I thought the EVF on my copy of the camera was too bright and had to set it down a notch to find it pleasing. Images looked fine in the review, but looked too bright before taking the shot, at least when viewed in the EVF. I haven’t seen anybody else comment on this, so it might just have been my copy.

Like others, I found it harder to focus manually using the zoom function than with the A7R. If there was a lot of detail in a scene, I had trouble at both 5x and 12.5x zoom to get it right. It looked like the details were shimmering in the EVF. On the other hand, IBIS made it easier to hold the image steady, especially at 12.5x zoom. From reading the forums, this is an issue for some people, but not for others. If you don’t use manual focus, it doesn’t matter.

Battery life is also pretty bad. Nah, it’s really bad. This is one camera that forces you to always carry at least one spare, even on short outings. The batteries are small, so it’s easy to take a few extra, but you’re still left with the hassle of constantly having to charge them. The Sony is not alone in that, though, as all mirrorless cameras struggle with battery life, just not to this extent.

All other issues I have with the camera are little details and not unlike little things that bug me about other cameras.



That leaves the one big issue that I think needs to be addressed: the price.

So, before I do that, let me be clear again: the Sony A7R II is a good camera with a great sensor. It’s an enormous upgrade from the original A7R and one of the best cameras on the market today.

It’s also very expensive. Let’s add some perspective.

First off, if you’re only looking for one camera that you can combine with some great lenses and you don’t need the mind-boggling array of Nikon and Canon lens options or TTL flash, this could well be that camera. It combines the latest and the greatest. Really, the only downsides I see are that the ergonomics don’t match the competition’s and that you’ll be taking 42mp pictures all the time. That’s a lot of resolution for your family snapshots.

Moving on, there are three ways to look at the A7R II: as a successor of the A7R; as a replacement for a larger and somewhat heavier DSLR setup; as a player in the top of the mirrorless camera segment.

A7R Successor

As a successor to the A7R, the II is a vast improvement. It’s better built, it’s faster, its shutter is quieter, it adds IBIS, it adds 4K video and is just a much, much better body. Now, that A7R was so flawed as a camera that it wasn’t hard to improve on, but the II is really a major step up.

But it’s also way more expensive than the original. With prices of good used A7Rs hovering around $1,000, those not in need of the improvements in the II can have almost the same sensor performance for much less money.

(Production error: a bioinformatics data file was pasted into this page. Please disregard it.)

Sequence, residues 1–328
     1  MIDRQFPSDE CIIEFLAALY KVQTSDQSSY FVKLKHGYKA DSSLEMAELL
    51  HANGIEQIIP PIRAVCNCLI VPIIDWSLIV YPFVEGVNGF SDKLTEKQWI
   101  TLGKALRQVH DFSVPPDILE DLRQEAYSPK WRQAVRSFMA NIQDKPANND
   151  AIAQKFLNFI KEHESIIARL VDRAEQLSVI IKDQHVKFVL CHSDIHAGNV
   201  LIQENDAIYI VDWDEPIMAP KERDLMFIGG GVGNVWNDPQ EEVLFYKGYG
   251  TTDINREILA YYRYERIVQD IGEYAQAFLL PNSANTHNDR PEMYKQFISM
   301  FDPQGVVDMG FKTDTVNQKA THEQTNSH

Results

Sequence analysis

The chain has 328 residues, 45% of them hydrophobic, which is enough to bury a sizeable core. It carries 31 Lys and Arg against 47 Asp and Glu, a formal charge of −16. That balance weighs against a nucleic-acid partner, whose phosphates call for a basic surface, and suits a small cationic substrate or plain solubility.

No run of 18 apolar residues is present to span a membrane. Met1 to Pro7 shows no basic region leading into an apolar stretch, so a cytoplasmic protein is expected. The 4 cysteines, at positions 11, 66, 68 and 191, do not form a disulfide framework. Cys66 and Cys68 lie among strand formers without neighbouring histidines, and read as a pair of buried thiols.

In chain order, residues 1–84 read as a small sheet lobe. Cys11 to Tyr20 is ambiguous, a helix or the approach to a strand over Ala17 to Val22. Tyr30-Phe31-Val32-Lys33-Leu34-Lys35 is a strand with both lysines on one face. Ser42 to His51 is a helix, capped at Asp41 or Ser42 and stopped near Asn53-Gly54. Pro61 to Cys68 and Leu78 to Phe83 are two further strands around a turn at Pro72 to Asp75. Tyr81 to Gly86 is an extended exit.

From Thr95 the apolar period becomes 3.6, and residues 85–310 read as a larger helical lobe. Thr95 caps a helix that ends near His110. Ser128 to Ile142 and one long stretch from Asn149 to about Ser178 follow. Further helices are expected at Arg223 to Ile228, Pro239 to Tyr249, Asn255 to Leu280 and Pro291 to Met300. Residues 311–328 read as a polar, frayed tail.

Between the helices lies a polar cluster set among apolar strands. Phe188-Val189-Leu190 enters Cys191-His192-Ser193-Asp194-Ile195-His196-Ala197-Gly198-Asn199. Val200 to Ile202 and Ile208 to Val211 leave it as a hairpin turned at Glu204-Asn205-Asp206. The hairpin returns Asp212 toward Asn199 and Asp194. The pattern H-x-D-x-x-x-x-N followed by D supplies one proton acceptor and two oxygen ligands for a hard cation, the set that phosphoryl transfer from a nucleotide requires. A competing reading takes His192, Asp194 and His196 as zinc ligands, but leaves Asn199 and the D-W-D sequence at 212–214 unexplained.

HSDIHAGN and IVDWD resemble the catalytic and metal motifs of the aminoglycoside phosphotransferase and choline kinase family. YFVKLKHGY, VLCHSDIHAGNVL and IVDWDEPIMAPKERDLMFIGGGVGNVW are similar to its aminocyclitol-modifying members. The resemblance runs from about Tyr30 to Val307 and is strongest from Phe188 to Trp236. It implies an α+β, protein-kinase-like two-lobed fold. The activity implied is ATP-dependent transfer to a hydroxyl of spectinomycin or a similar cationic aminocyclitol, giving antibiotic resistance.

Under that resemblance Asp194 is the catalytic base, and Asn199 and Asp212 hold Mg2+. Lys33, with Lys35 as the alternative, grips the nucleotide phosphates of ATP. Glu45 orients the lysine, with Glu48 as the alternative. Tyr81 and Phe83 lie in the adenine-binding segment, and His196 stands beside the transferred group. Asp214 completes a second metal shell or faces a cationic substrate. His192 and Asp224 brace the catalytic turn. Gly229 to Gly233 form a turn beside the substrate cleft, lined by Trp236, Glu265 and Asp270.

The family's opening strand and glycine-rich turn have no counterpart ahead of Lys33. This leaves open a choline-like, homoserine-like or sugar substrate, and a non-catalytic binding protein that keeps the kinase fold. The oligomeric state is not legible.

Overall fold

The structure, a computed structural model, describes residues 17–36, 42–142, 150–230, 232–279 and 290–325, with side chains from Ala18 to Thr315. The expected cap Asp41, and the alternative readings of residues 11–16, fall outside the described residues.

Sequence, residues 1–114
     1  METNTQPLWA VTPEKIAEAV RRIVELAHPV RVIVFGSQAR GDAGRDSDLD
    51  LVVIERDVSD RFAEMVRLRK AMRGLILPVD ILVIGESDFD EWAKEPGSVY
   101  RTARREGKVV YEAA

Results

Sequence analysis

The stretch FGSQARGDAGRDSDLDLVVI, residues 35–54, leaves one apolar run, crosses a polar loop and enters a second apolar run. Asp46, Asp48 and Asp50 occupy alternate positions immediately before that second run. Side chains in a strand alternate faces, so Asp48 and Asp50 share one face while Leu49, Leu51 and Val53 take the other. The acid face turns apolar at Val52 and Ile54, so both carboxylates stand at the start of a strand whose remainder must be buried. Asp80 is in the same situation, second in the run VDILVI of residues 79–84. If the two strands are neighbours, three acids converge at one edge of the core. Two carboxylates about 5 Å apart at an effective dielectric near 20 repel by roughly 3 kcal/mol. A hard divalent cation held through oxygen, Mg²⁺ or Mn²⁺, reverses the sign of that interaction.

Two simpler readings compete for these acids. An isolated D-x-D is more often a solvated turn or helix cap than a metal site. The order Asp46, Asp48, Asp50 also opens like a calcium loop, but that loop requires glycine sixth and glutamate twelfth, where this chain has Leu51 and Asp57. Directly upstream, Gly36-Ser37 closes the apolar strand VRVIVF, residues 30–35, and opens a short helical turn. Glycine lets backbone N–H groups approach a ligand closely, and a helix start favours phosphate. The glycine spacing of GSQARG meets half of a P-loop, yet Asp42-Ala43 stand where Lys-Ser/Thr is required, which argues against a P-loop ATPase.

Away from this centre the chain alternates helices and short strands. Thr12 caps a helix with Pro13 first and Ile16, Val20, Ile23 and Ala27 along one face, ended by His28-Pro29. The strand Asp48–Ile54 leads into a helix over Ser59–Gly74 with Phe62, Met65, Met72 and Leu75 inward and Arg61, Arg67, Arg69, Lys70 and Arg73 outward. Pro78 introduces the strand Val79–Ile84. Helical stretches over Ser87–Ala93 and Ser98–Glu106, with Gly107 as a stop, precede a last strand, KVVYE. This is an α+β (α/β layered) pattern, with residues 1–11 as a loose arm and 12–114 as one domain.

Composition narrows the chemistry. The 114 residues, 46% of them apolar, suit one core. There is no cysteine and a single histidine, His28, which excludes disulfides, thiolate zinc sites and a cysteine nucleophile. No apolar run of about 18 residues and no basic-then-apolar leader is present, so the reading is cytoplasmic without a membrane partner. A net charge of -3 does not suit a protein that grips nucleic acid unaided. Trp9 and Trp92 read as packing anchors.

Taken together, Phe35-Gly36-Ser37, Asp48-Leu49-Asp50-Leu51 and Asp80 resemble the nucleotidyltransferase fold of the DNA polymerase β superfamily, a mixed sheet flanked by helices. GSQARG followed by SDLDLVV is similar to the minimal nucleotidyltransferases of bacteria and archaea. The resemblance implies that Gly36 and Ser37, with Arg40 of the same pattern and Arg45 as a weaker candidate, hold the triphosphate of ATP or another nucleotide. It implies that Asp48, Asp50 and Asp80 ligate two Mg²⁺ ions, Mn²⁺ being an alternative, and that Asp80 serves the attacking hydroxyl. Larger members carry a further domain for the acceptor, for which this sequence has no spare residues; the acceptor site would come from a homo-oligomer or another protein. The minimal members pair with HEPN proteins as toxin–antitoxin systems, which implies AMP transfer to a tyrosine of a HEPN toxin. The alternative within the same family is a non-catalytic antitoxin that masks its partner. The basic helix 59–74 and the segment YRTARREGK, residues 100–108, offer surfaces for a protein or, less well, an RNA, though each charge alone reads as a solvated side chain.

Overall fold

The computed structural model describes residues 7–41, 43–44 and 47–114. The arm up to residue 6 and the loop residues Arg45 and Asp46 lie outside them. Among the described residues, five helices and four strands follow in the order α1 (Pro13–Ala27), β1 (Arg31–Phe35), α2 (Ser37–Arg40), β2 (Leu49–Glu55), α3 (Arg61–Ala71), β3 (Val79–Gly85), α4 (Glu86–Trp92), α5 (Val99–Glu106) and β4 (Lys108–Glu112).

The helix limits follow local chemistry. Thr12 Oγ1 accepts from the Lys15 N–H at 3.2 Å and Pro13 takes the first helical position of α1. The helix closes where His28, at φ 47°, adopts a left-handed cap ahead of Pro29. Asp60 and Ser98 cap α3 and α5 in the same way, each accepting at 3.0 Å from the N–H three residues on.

Alternative to DSLR

As an alternative to a DSLR, the A7R II offers top image quality in a somewhat smaller and lighter package. As Sony made the second generation of its A7-series heavier and its lenses are generally bulky and heavy, the size and weight benefits of full-frame mirrorless over DSLRs have diminished since the first A7s were introduced.

It’s beaten only by Nikon’s D810 for overall versatility in a stills camera and by the Canon 5DS(r) with pure megapixels. Those DSLRs are faster to operate and offer access to a vast array of modern lenses. They also offer flash capabilities that the mirrorless brands can only dream of. There’s no winner, as the choice depends on personal preference.

Mirrorless Competition

As a competitor in the mirrorless field, the A7R II resides at the pinnacle of image quality, far above the rest. The next camera up would be the A7R, followed by the 28mp APS-C Samsung NX1 and the 24mp full-frame Sony A7II. The other mirrorless camera makers only produce APS-C and micro four-thirds sensors of lesser resolution, so sensor-wise Sony is a clear leader.

But the Sony full frame cameras also come with zoom lenses that are enormous compared to the other mirrorless brands and the top-notch prime lenses are also getting bulky. The savings in size and weight of a mirrorless system compared to a DSLR kit are much less apparent with the most recent batch of Sony A7 cameras than with the competition.

On top of that, cameras like the Fujifilm X-T1 or the Olympus OM-D E-M1 stand a notch above the Sony for speed and build quality. As far as functionality is concerned, I also think Panasonic, Fuji and Olympus beat Sony, but here opinions can vary. Still, they’re about $2,000 cheaper. And the resolution they deliver is good enough most of the time.

So, if you want faster operating speed, take the top Fuji, Panasonic or Olympus cameras (I can’t speak for Samsung, as I’ve never tried it). If you want less bulk and weight, especially with zoom lenses, don’t go for Sony.

If you want the best combination of full-frame image quality and features, pick Sony, but not necessarily the A7R II.

Why not?



Because in most circumstances 42 megapixels is overkill. Few of us need that much resolution all the time. Are you really going to pay extra for resolution that you don’t need most of the time?

Not sure about you, but I’m on the fence. I was ready to shell out up to about $2,200 to replace my A7R, but I’m not ready to pay $3,200. Unlike others, I doubt new prices will come down quickly.

In reality, my Canon and Olympus setups can deliver under almost all circumstances what I need. Sometimes I need better performance in low light or the maximum amount of resolution I can afford.

So, from my perspective, the A7R II is a niche camera, a camera you pick up when you want maximum resolution but not a camera that you use all the time. I regard the Canon 50mp DSLR the same way, as a niche camera to have alongside a regular lower resolution 5D Mark III.


On the one hand, the A7R II is just an awesome combo of resolution, IBIS and 4K video and worth every penny. On the other hand, it’s too much, esp. for photographers who don’t care for the video capabilities.

So, there’s the rational me calling it overkill. Then there’s the other side of my brain hurting as I wrap up the camera and put it back in the box. Because, despite my reservations, the Sony A7R II is one hell of a camera and if my wallet didn’t say ‘no’ for now, I’d rush into ordering one, overkill or not.


Gear mentioned in this review (affiliate link to B&H):


  1. I may be way off! But I was told by a friend who rented from one company, that after they were done renting they had the option to buy it, and the price paid for the rental would be deducted. He might be right, but maybe not for a camera that is brand new and so hot to get.

    • I rented from They often allow gear to be bought, but not this time. In any case, I’m not ready to open my wallet for this camera.